Does Indian design also look to the West and in what way?
I do not think there is any point talking about Western or Asian Indian culture today. We have reached a point where culture is truly fragmented and it is extremely hard to find an identity and compactness in all the different global flows. Culture is constantly being renewed and changing but traditions can be a good design work tool. It is increasingly difficult to identify with a specific culture. It is a too unstable parameter for designers. What designers can do is focus concretely on traditions, hone in on things of the past, update them and offer them today. Indeed, objects that are strongly bound to tradition are also, to some degree, transactional; they are good medicine and a good accompaniment to traditional techniques or contain symbolic messages. There are some Western influences but this goes both ways. Even the Modern Movement was inspired by Japan. We really can't say what belongs to whom, but there are certainly no stateless objects, precisely because they resurrect different traditions and promote local cultures.
You have not addressed technology. Why?
Technology is a chapter in itself. Technology travels parallel to the design project. India provides services: call centres, semi-finished goods and software. It excels in soft technology. There are two extremely interesting sculptures by Ranjit Makkuni, a designer who worked for Xerox PARC creating multimedia interfaces and learning systems for nearly 20 years. His workshop in India mixes tradition and technology. The wooden sculpture Re-visualizing a Green self, for instance, contains sophisticated tactile and sound devices. In his exhibitions, Makkuni proposes rituals and myths using interactive installations that bring people closer to technology in a friendly way. India has an extremely strong modernity that dovetails or is mixed with something atavistic to create an amazing melting pot. Indians are probably less aware of this.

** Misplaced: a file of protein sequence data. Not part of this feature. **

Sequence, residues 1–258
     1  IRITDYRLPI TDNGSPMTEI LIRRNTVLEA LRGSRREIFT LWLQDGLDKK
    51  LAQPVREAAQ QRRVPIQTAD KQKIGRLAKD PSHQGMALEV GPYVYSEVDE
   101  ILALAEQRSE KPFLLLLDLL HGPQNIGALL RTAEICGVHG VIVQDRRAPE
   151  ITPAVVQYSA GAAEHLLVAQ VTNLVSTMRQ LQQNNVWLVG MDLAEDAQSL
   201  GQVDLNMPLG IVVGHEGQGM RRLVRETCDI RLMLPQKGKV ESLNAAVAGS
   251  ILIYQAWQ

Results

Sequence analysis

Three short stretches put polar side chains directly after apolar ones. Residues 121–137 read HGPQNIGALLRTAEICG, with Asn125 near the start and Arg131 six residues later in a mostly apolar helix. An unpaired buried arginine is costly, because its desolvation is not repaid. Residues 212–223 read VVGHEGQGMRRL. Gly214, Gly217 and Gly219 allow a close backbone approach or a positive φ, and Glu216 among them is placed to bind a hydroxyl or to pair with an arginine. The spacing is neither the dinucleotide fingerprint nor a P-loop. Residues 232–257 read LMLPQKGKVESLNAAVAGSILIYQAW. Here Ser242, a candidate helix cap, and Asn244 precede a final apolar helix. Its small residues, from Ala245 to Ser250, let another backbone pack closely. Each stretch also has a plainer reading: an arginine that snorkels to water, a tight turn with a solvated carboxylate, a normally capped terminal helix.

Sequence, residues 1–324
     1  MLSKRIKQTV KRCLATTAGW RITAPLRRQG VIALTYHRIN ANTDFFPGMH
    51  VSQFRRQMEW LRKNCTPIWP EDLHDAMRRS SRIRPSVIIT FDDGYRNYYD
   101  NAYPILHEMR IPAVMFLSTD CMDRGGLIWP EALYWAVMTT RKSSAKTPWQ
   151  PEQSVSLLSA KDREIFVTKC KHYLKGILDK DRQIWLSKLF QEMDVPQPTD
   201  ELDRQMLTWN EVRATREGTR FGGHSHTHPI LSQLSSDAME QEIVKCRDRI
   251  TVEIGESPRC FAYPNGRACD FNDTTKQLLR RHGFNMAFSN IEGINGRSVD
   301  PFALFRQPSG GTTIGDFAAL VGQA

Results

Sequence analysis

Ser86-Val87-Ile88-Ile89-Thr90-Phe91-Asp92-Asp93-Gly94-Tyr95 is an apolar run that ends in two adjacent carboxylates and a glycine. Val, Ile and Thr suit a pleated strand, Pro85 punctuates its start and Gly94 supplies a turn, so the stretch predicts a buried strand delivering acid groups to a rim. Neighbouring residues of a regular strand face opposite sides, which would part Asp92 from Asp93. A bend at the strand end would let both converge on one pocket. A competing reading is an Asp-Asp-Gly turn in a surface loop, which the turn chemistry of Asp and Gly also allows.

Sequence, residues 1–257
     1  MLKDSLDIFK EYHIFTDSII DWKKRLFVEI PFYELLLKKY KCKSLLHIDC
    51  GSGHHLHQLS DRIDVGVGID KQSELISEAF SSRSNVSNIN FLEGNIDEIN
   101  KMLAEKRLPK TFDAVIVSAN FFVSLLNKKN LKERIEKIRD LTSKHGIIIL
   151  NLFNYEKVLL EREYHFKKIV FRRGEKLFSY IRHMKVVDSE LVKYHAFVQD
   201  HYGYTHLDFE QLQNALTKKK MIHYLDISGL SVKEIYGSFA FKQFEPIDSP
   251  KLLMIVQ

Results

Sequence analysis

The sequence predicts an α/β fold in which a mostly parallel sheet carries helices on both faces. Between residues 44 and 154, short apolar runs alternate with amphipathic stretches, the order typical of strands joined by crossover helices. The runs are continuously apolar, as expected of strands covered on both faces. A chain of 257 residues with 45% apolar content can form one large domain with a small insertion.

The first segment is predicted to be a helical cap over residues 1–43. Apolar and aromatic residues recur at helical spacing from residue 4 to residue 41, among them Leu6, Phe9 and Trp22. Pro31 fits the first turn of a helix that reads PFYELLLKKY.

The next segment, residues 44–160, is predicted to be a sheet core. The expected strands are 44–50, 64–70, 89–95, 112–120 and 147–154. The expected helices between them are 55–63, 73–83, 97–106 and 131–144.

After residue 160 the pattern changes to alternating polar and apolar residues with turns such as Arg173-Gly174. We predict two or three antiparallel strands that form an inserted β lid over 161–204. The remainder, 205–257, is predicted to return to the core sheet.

The exhibition design is also a project within the project.
Kavita Singh Kale was inspired by the Fragile sculpture and the concept of a city in movement. The threads give the sense of an unstable balance. It is a highly refined project. Avnish explains that the concept of fragility is frequently linked to that of sustainability. We should not create something that is hard to destroy. Simple objects automatically wear out and disappear. She sees this as one of the fields that designers ought to explore — sustainable materials that wear out and disappear in the space of ten years.
Through 24 February 2013
New India Designscape
Triennale Design Museum
Viale Alemagna 6, Milan
Avnish Mehta, barefoot design, Exhibition, India, Indian design, Kavita Singh Kale, Manish Arora, MP Ranjan, New India Designscape, Ranjit Makkuni, Reyma Jose, Simona Romano, Vijay Sharma, Vikram Dinubhai Panchal